Photo Prayer 2022-05 -- The One Percent

When critics talk about the one percent possessing over fifty percent of the world’s wealth, they may be talking about my wife and me. They may be talking about you! Neither my wife nor I meant to accumulate wealth. It just sort of found us because we worked steadily most of our lives, lived simply and saved, made good financial decisions, had parents who left us a bit of what they had accumulated, and happened to be born in a wealthy country in booming economic times. I am talking here about assets, not income. Credit Swisse says anyone with $3,200 in assets has more wealth than half the people in the world. $68,800 puts you in the top ten percent. $759,900 in assets puts you over the one percent threshold. What I find remarkable about these numbers is that we do not feel rich. Social Security and a bit other income is not always enough for my wife and I to meet our bills without dipping into our assets. We will need a new car soon and cannot do it out of our income. What do others do? That is a sobering question.

Photo of three people in January, 2010 looking at the “The Wyndham Sisters” 1899 painting by John Singer Sargent,,
at the Metropolitan Museum of Art, New York City.
Photo copyright 2010; text, 2022, by Danny N. Schweers.

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Pat wrote:
I know exactly what you mean. Except for getting anything from parents, through no fault of their own, they had enough to cover their own needs and nothing left over, I am in a similar category as you describe. I feel fortunate to have what I do to live here, and I try to live frugally so that I can stall dipping into savings to live here as long as possible. And yet my perceived frugality would be seen as opulence to many of this world.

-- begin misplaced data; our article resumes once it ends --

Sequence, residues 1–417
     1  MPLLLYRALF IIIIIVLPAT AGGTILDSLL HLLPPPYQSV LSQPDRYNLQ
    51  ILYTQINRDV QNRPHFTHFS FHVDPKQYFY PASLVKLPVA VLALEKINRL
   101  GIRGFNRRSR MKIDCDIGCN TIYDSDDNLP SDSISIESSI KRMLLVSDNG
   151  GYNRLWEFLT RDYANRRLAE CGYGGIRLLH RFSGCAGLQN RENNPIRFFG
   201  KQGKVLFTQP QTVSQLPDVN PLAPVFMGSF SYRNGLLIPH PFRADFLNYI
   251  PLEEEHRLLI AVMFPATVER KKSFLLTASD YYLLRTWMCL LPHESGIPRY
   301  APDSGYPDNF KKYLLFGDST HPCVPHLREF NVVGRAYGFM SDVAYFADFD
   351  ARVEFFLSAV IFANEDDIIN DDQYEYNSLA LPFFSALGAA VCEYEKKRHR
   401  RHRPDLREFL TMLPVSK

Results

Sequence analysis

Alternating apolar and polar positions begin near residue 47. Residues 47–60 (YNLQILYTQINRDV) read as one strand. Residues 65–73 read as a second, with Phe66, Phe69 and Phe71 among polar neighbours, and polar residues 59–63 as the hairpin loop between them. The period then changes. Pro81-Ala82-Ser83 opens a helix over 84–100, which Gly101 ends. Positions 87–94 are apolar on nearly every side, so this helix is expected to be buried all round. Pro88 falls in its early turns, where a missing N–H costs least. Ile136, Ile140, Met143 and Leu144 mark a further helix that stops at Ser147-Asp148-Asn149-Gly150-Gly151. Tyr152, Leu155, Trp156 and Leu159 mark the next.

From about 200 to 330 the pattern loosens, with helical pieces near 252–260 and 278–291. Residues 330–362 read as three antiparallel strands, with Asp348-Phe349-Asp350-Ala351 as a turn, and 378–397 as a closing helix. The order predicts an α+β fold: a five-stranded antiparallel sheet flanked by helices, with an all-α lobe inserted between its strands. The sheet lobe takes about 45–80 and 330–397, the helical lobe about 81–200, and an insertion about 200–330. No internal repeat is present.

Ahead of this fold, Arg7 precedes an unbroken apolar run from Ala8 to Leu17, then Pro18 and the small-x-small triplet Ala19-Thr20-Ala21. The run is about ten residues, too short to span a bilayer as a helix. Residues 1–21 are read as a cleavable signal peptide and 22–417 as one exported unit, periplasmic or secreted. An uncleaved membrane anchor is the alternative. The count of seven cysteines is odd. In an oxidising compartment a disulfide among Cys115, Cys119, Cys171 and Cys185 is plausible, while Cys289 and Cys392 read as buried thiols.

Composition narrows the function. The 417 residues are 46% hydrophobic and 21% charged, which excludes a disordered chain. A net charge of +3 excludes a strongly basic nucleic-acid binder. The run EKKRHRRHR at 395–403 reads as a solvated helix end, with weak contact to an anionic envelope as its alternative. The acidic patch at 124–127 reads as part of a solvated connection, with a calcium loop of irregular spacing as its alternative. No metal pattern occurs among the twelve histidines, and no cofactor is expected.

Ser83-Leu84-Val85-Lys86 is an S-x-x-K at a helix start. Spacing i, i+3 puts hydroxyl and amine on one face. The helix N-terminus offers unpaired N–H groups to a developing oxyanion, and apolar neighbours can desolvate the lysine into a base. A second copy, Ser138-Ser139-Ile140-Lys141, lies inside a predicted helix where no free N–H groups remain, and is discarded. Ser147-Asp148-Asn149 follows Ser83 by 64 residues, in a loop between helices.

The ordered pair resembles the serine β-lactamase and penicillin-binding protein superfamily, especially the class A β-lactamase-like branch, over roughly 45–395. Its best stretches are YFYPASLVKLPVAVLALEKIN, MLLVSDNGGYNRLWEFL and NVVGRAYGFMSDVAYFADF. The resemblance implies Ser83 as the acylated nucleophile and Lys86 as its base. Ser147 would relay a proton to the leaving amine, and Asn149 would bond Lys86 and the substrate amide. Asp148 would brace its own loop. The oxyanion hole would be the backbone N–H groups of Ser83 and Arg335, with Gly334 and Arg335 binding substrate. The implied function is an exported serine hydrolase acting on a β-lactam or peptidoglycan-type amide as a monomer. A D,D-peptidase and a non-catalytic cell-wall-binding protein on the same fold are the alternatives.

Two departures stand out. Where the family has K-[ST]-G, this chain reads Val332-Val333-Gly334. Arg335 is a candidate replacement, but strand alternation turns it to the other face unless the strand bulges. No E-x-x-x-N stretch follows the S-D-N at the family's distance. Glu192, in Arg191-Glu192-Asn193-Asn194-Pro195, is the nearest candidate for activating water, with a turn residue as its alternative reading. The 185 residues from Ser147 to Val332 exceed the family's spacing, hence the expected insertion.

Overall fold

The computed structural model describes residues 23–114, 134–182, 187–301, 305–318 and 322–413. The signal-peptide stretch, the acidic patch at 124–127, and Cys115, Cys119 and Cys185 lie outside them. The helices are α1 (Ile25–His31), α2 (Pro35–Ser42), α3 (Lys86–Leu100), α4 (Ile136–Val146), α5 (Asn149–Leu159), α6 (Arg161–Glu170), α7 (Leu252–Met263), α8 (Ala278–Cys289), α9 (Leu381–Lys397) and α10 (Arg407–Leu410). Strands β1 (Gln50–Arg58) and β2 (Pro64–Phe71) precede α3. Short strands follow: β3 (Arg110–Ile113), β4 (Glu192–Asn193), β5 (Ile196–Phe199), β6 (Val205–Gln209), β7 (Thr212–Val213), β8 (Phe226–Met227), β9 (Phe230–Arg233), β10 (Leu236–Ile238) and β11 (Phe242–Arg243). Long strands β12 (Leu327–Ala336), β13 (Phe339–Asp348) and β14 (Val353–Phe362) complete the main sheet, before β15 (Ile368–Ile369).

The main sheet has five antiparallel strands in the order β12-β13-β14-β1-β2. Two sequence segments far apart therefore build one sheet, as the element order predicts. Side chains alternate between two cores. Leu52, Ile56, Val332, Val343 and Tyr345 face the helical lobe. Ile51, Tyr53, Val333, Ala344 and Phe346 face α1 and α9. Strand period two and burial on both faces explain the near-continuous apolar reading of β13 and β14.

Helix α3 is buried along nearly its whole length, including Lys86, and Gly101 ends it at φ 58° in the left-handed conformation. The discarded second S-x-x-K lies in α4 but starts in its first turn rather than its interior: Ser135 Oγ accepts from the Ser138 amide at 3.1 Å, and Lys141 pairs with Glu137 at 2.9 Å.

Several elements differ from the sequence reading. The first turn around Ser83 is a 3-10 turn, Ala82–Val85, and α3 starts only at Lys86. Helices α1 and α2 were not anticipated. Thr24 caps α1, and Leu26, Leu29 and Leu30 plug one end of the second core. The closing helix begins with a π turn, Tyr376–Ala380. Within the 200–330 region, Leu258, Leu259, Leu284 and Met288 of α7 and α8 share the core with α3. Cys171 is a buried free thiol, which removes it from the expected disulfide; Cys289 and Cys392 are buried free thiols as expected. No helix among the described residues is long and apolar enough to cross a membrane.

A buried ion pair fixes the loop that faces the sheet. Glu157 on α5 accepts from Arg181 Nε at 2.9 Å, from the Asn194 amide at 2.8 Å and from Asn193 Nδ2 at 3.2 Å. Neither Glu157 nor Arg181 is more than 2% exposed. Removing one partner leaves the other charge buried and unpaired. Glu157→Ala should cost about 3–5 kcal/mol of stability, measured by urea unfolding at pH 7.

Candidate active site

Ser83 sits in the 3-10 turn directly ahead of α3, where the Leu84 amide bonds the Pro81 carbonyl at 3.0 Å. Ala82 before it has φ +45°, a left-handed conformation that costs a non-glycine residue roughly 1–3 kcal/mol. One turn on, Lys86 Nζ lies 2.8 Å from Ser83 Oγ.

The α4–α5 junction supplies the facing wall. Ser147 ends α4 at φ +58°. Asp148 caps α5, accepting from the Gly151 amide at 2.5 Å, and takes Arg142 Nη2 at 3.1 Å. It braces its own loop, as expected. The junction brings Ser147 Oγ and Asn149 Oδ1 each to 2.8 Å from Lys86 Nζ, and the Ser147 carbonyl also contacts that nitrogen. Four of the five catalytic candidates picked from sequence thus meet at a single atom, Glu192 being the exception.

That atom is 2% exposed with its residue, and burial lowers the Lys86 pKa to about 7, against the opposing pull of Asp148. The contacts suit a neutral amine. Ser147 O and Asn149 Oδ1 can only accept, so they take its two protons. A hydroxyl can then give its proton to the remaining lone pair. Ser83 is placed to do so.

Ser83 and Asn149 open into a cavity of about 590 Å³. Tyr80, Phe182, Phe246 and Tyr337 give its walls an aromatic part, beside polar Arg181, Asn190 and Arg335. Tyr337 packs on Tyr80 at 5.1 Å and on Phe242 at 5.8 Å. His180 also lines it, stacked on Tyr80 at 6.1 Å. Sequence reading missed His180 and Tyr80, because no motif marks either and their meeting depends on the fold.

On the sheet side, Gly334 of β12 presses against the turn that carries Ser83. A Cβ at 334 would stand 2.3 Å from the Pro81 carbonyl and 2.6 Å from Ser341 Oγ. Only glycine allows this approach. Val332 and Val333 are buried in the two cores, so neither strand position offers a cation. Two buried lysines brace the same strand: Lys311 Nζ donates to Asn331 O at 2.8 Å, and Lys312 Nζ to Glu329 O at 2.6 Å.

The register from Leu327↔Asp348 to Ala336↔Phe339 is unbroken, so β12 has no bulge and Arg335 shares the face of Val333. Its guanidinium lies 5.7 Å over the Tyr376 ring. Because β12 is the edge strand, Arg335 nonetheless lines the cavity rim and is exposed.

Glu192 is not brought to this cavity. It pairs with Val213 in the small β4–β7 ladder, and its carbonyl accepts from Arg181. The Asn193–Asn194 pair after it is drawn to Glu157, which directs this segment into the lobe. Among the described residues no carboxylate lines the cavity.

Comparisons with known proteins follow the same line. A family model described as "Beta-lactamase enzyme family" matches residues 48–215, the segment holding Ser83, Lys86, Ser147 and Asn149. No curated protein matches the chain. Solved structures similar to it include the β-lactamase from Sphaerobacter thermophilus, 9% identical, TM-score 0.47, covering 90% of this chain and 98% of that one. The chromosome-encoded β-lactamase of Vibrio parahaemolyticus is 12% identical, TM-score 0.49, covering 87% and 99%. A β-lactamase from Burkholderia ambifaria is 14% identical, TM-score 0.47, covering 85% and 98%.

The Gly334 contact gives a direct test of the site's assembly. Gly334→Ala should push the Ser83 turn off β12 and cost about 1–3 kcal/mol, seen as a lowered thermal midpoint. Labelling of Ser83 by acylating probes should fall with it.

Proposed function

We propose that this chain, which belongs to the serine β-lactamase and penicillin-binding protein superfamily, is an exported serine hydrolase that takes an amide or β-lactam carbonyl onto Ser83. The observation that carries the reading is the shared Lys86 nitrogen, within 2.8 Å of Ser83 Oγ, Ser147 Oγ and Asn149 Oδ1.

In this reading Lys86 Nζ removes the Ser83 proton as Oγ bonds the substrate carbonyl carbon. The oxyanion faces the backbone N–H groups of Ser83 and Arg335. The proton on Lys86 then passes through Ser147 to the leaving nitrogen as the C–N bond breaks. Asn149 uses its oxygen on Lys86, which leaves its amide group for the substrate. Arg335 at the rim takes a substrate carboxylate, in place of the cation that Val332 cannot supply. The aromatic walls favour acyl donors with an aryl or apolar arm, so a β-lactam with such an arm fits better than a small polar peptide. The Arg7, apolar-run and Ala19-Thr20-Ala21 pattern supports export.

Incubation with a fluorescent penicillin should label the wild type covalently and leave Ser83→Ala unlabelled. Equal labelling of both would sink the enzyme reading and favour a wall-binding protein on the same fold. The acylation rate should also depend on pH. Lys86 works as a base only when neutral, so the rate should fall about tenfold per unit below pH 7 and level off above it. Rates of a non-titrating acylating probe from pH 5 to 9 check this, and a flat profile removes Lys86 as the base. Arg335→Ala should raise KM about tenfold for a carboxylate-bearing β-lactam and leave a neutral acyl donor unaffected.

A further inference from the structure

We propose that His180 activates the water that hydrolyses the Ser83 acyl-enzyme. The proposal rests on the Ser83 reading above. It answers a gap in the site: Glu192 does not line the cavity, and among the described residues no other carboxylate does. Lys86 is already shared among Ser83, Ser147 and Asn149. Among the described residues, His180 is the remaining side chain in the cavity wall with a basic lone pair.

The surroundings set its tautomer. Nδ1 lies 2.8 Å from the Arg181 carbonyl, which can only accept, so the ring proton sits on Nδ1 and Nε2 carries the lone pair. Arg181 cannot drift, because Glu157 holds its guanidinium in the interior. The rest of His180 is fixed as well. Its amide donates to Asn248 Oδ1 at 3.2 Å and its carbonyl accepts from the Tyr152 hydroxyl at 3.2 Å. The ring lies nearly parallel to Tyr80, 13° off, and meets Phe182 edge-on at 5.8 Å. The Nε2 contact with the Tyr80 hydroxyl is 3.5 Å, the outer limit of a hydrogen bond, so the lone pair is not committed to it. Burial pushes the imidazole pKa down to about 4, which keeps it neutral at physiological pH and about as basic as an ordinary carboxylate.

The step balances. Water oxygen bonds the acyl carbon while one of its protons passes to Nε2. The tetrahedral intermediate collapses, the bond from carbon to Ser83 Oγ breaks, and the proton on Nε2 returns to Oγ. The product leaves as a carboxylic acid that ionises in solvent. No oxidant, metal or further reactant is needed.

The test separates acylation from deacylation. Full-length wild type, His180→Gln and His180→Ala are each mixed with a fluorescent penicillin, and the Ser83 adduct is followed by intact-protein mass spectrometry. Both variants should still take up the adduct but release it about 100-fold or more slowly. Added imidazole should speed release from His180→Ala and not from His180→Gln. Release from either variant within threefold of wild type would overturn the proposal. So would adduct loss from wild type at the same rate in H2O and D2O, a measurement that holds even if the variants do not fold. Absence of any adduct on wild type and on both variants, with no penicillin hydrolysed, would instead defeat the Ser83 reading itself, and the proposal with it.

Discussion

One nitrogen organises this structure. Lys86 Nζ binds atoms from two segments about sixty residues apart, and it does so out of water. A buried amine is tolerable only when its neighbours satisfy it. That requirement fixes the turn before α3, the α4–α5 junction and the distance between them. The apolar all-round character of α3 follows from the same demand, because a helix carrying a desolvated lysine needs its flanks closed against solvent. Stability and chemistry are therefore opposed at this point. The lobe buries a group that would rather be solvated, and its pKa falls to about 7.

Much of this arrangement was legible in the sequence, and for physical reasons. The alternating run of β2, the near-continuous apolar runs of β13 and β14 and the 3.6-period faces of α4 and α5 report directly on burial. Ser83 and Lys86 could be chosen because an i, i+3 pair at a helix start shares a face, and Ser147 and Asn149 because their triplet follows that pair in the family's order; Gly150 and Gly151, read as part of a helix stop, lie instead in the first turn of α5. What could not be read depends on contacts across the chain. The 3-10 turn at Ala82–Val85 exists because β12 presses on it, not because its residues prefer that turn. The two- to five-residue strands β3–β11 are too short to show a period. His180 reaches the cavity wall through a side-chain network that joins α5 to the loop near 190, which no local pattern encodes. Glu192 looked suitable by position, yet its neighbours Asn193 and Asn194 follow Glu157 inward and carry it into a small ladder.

Craig wrote:
We are monthly dippers, and have to keep an eye on the nest egg to make sure there's going to be a nest and an egg to put in it… Still, wealthy? Depends on your definition, as shown by your research. Our nest egg was a result of work and luck (our parents). It’s calculated to last until 2035. Just around the corner. Longevity is the issue. If I die before then, Jan's got some income left. If I'm (lucky enough) to live longer… hey, I'm alive…. but no nest and no egg….. The one variable I can't really control is the time of my death…. Like so many words these days, "wealth" has lost it's meaning. People talk about the super-rich, the uber-wealthy. What's next, mega-rich? Unbelievably-cosmic-mega-super-duper rich? People like Gates, Schmit, Buffet, Bezos… there really is no category for them. The accumulation of Money has outgrown our ability to describe it…. Nice image. Photographed people staring at painted people staring back at them. Galleries are always some of the most fertile of photographic gardens…. Sargent captured so well the fin-de-sicle (sp?) decadence of just nasty, arrogant wealth. In Europe, artists were doing the same thing, but in different ways. Little did anyone know, the 20th century lay just around the corner, and all the fancy gowns would be ripped to shreds and burned…

Rob wrote:
Sobering indeed. I'm sure you have seen Federal Reserve stats that indicate some 40% of Americans would not have any assets to tap into to pay just a $400 emergency bill. These are the folks we see every day at Lutheran Community Services. Rotating payment of bills, going without essential needs, foregoing investments in their immediate and future well being. Yet, as a country we are focused on so many other things. I am reminded of the quote by Dom Helder Camara, Brazilian archbishop "When I feed people, they call me a saint. When I ask why people are hungry, they call me a Communist.”

Alice wrote:
Very sobering and thought provoking.

Donna wrote:
Fabulous image, Danny! Love it.

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